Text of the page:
One final thought, this verse, along with the next verse, are in my opinion, one of the most important passages in the scriptures, related to our understanding of man's responsibility and God's sovereignty. As we will see in the next passage, the motivation to work out our salvation comes from the sovereignty of God at work in that salvation.

Thursday, July 27, 2017

Philippians 2:11

and every tongue confess that Jesus Christ is Lord, to the glory of God the Father. (Philippians 2:11, ESV)
As the knees bow... the tongues will confess that Jesus Christ is Lord.

Let's not forget the context of this verse though. The Apostle is encouraging us to be humbly obedient. He has told us to put others ahead of ourselves and too look to their needs, not just our own. He tells us to do this the way Jesus did... to have his mind... his thought process. And then after he describes the great lengths Jesus went to in order to be obedient to the Father, he tells us this: Christ was and will be glorified.


To help us to think beyond as well. To think past this life. Yes, Jesus suffered the cross and the humiliation. Yes he endured as a man, but he also knew the end result. God would be glorified and he would be lifted up.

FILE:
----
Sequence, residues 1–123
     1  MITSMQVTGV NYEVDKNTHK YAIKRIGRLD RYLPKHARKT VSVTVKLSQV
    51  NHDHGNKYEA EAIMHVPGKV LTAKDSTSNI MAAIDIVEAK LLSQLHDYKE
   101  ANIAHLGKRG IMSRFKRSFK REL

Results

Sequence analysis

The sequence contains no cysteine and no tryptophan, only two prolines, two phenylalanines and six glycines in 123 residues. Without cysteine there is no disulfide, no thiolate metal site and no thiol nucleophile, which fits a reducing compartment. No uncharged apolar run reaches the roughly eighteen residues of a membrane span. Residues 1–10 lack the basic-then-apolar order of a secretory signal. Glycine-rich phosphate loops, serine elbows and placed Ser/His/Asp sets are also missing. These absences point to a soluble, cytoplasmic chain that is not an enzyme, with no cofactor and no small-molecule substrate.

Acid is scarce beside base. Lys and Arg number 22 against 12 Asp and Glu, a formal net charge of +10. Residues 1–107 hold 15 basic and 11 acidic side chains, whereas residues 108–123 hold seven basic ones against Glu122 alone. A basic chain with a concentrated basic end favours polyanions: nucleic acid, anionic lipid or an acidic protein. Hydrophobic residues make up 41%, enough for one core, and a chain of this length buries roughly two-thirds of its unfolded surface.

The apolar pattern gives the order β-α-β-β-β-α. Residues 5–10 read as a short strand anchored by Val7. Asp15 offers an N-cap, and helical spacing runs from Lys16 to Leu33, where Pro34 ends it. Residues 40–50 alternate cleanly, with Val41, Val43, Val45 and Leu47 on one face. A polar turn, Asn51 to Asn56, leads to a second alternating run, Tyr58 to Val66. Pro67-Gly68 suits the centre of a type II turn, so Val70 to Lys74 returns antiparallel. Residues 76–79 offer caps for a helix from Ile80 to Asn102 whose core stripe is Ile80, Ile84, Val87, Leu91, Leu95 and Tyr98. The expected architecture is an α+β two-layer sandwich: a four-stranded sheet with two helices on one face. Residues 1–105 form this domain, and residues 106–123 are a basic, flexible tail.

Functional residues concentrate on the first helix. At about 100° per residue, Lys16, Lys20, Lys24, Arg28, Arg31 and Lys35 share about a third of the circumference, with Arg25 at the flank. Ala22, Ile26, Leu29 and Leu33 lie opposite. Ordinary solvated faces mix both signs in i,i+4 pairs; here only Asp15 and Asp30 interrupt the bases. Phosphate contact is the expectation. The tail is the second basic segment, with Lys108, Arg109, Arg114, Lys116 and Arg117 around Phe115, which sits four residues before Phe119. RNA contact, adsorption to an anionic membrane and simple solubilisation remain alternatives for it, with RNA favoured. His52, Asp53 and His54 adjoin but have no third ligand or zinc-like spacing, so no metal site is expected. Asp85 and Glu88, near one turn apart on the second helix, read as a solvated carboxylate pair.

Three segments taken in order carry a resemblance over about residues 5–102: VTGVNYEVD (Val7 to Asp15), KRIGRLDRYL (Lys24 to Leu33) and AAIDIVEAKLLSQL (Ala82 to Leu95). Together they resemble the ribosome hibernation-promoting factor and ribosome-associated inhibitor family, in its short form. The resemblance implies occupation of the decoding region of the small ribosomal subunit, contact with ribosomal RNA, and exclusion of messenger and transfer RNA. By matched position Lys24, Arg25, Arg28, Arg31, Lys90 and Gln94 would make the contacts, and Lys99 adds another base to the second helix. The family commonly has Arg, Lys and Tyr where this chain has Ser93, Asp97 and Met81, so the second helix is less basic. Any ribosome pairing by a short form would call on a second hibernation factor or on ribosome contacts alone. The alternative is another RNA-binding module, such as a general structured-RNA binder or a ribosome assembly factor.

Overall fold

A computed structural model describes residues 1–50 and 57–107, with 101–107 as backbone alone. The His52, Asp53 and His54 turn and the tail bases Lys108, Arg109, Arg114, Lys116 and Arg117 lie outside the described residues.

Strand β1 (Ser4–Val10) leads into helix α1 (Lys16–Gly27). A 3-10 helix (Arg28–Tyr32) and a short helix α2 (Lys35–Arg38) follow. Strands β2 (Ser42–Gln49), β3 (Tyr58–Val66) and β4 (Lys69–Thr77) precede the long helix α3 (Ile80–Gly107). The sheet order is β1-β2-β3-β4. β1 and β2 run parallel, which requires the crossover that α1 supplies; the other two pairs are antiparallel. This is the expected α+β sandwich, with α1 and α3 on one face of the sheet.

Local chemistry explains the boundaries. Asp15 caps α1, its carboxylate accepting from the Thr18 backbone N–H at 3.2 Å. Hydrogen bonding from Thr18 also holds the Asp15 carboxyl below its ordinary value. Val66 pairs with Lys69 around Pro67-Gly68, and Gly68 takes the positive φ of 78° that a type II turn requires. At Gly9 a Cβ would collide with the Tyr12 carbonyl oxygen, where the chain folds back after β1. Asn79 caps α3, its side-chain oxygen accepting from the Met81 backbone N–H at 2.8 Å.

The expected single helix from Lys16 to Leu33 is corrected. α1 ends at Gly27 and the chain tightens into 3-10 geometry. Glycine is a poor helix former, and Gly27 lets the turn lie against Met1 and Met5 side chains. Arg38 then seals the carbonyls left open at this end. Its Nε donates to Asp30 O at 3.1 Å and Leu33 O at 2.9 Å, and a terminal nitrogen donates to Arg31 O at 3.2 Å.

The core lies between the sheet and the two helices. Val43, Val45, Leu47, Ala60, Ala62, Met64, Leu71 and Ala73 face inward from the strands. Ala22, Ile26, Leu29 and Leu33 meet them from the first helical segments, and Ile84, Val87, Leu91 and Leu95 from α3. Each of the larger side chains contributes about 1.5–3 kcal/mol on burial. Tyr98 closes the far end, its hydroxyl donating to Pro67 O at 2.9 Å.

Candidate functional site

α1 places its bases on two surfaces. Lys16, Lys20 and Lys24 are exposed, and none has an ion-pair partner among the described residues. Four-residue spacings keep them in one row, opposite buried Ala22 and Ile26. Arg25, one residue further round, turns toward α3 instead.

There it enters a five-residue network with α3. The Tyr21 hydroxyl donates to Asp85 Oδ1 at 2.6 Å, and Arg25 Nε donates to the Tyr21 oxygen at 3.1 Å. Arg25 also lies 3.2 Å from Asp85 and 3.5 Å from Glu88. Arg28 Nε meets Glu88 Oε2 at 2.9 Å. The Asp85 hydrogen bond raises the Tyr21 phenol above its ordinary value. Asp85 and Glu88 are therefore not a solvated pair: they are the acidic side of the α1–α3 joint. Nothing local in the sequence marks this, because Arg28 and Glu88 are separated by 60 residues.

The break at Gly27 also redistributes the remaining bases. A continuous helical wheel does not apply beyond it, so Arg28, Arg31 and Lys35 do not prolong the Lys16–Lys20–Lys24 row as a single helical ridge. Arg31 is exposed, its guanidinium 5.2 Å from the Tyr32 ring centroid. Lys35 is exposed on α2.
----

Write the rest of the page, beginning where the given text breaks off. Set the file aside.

If you are looking for motivation or encouragement to continue, then consider the end and your final state.

Wednesday, July 26, 2017

Philippians 2:10

so that at the name of Jesus every knee should bow, in heaven and on earth and under the earth, (Philippians 2:10, ESV)
This truly amazing humble obedience of Jesus... The result? He is given a name. A name that is above every other name... and according to this verse, having a name that is above every other name will result in every knee reaching toward the ground. In the end, we will all bend the knee. In the end, all creatures, in heaven and on earth and under the earth... the living and the dead... the physical and the spiritual... we will all bend the knee, because this name is not only given, but because of the humble, loving obedience of Jesus Christ, it has now been earned!

Tuesday, July 25, 2017

Philippians 2:9

Therefore God has highly exalted him and bestowed on him the name that is above every name,(Philippians 2:9, ESV)
"Therefore..." What is it "there for?"

According to the previous verse, Jesus has done the ultimate in an act of humble obedience. Now, Paul tells us that his obedience is has resulted in God's recognition of him. He has been highly exalted. On him a name has been bestowed that is above every name. Not meaning that he has a different name, but simply referring to the fact that his name is now a name that is above every other.

Monday, July 24, 2017

Philippians 2:8

And being found in human form, he humbled himself by becoming obedient to the point of death, even death on a cross. (Philippians 2:8, ESV)